“The glories and beauties of form, color and sound unite in the Grand Canyon. It has infinite variety and no part is ever duplicated. Its colors, although many and complex at any instant, change with the ascending and declining sun.” – John Wesley Powell
Monday, November 4th
PM—4 Miles—0:45—1,150’—Bright Angel Trail to 1.5 Mile Rest House
Figured I would get out for an easy run to evaluate my legs after yesterday’s R2R2R. As predicted, they felt like crap…My calves were exceptionally tight. Likely not running tomorrow.
Tuesday, November 5th
PM—3 Miles—1:49—1,000’—Grandview Trail and New Hance Trail Scouting Hikes
Woke up to even tighter calves this morning. So I decided that today would just be a short hiking day. I went to both the Grandview and New Hance trails to scout out the initial miles. I felt like a typical tourist hiker today since even the slightest downhill step had me grabbing onto anything in sight to reduce the impact on my destroyed quads, calves, and hamstrings. My main focus was the New Hance trail since it has a pretty stealthy trailhead and is supposed to be the most difficult trail on the South Rim. The first few switchbacks confirmed that this trail definitely isn’t Bright Angel.
Wednesday, November 6th
AM—6 Miles—3:12—2,200’—Bright Angel Trail Hike to 3 Mile Rest House
My legs were finally starting to feel a little better this morning. I decided not to rush into things and went for a longer hike versus a run. I wore my typical climbing attire and took a day pack in an effort to maintain my hiking pace instead of breaking into a run. At the 3 Mile Rest House I spent about an hour taking in the views and enjoying a beer while dangling my feet off a cliff. A couple of other hikers came over to where I was sitting and looked like they had never stepped foot on an uneven, rocky surface in their lives. I had to warn them that my feet were dangling over a 500-1,000-feet shear dropoff and to approach with caution.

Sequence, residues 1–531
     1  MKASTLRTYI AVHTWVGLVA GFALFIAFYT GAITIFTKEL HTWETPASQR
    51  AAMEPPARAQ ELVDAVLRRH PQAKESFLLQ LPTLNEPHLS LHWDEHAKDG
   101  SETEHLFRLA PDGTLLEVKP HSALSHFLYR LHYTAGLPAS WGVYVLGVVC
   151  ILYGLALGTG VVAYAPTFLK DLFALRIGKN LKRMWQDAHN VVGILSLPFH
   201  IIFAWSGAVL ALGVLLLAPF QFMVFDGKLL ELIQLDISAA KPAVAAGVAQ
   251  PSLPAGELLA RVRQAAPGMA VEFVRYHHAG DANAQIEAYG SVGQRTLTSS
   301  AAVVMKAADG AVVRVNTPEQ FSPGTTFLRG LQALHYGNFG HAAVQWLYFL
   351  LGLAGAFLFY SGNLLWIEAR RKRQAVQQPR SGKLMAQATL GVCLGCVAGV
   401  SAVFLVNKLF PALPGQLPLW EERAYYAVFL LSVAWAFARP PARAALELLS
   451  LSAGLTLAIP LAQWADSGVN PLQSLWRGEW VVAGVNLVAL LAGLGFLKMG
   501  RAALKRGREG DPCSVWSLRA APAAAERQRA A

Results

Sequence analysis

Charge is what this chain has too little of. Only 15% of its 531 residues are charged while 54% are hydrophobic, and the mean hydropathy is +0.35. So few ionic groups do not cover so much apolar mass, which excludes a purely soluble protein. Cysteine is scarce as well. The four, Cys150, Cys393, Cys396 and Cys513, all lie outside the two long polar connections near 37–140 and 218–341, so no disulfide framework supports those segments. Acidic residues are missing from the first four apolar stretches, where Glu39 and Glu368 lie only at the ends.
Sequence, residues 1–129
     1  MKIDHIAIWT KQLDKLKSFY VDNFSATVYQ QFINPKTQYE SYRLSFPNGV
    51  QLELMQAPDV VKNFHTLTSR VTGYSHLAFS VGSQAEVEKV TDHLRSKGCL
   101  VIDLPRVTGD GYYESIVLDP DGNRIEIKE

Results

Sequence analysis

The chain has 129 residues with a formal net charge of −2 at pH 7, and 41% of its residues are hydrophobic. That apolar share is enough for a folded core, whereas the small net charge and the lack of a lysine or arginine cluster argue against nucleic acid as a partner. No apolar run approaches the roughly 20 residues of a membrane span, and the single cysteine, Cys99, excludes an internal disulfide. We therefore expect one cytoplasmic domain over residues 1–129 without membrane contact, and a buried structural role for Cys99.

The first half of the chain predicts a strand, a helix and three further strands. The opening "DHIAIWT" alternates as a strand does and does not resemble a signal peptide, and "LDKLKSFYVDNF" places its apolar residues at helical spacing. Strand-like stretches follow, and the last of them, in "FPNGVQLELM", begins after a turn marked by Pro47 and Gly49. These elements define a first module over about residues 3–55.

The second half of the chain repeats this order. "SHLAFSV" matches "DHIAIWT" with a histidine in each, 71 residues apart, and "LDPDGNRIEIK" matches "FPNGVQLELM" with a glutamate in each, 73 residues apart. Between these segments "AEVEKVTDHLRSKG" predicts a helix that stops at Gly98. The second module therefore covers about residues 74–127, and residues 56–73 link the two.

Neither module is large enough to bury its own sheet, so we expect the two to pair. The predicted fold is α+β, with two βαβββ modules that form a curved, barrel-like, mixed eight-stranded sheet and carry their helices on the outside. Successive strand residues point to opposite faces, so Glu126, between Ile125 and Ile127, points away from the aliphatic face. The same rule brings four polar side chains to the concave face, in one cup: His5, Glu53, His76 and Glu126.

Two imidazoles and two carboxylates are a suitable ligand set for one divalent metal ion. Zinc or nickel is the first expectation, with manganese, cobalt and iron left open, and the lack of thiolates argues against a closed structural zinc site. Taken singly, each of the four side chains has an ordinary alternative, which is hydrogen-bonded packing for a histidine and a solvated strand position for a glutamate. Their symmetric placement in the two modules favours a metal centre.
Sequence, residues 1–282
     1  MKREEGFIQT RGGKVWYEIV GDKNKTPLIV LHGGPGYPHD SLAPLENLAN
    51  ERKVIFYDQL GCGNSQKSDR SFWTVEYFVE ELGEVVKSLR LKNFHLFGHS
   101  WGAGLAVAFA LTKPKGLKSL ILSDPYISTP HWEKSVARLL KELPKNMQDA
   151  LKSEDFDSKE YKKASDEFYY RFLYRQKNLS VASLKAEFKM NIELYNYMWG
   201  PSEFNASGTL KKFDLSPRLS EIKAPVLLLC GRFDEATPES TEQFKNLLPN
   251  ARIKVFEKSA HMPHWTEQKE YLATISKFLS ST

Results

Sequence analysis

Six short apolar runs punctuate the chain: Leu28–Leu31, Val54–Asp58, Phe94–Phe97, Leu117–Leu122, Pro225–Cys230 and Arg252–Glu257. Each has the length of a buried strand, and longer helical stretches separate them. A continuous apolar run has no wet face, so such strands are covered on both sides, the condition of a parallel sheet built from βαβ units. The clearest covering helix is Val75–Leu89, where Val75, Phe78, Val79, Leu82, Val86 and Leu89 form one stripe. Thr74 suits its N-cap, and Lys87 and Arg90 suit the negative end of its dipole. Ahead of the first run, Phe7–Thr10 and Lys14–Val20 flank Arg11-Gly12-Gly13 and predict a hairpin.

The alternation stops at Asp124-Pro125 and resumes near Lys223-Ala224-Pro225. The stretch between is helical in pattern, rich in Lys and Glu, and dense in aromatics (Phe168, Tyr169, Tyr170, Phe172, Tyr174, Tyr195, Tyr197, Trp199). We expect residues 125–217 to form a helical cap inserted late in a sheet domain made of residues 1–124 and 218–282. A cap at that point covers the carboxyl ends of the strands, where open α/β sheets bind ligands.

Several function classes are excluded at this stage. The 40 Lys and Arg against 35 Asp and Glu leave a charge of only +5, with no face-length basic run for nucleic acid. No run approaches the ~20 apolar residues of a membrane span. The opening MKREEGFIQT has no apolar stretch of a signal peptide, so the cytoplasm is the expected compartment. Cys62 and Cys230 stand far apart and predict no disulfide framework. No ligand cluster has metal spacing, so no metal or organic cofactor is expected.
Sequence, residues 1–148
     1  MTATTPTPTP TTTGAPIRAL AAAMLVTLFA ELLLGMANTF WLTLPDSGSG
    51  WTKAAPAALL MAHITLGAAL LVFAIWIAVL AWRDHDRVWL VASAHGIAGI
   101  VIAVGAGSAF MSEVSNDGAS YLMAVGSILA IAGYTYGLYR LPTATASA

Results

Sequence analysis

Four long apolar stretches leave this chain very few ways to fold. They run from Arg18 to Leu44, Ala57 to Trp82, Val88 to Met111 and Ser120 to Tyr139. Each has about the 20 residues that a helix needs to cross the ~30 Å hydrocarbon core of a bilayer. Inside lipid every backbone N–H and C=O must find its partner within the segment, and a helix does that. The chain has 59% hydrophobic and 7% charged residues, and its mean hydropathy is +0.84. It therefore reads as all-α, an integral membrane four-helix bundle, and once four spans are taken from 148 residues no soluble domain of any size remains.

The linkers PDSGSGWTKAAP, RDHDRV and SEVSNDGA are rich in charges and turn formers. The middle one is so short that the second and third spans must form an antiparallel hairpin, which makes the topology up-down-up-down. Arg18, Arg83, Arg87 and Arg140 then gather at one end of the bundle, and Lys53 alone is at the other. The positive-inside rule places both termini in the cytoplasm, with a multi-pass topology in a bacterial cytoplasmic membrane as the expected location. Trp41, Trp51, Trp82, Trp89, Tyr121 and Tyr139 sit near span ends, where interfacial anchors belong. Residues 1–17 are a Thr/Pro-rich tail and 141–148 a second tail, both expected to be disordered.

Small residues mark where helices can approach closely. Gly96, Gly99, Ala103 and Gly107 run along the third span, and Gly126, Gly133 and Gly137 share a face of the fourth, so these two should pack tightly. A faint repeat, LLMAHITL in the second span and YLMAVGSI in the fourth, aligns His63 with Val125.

PM—4 Miles—0:39—200’—Greenway Trail
Since my legs felt pretty good on the hike this morning I figured I would see how they felt on a short, easy run. I started at the trailhead in the iMax parking lot and just ran an easy pace for two miles out and then back.
Thursday, November 7th
AM—20 Miles—3:55—5,000’—Loop of South Kaibab, Bright Angel, and Rim Trails
With somewhat fresh feeling legs (finally) I decided to head out for a little loop on the South Rim. My route descended South Kaibab to the Colorado River, ascended Bright Angel back to the South Rim, and returned to my truck via the paved Rim Trail. After a 6-minute warm up from my truck to the trailhead I dove into the canyon for an easy descent. I stopped and talked to a few people along the way—not really in any hurry. I didn’t feel like negating all of the healing my legs had achieved by bombing down the 5,000’ descent. I eventually reached the river in a little over an hour. After a quick bathroom break, refill of water, and downing of a gel at Bright Angel Campground I started the ascent to the South Rim. With the exception of stopping for water at Indian Garden, I never stopped and managed to run every step of the Bright Angel ascent. There was a pretty absurd amount of hikers on Bright Angel, but I found they got out of the way rather fast when I grunted, growled, yelled, blew snot rockets, etc. while running the ascent. As usual, there was also an absurd amount of hikers who thought that I had nothing better to do while running pretty hard up a 5,000’ climb than to stop and answer all of their stupid goddamned questions. Anyways, after a few hours of running I finally topped out at the Bright Angel trailhead in 3:05 (trailhead to trailhead). My truck was still 5 miles away, which meant I had to joy of ending my day with running on pavement through the most heavily touristed area in the park. Lucky me. I can’t hide how much I love weaving in-and-out of people who blindly walk wherever they please in an effort to get those canyon photos. It seems they all think the canyon might not be there tomorrow. I wrapped up the 5-mile obstacle course in about 49 minutes to get back to the Taco in 3:55. I did the same loop last year in 4:32. Not too shabby for a mostly easy effort.
Friday, November 8th
PM—13 Miles—5:03—4,950’—New Hance Trail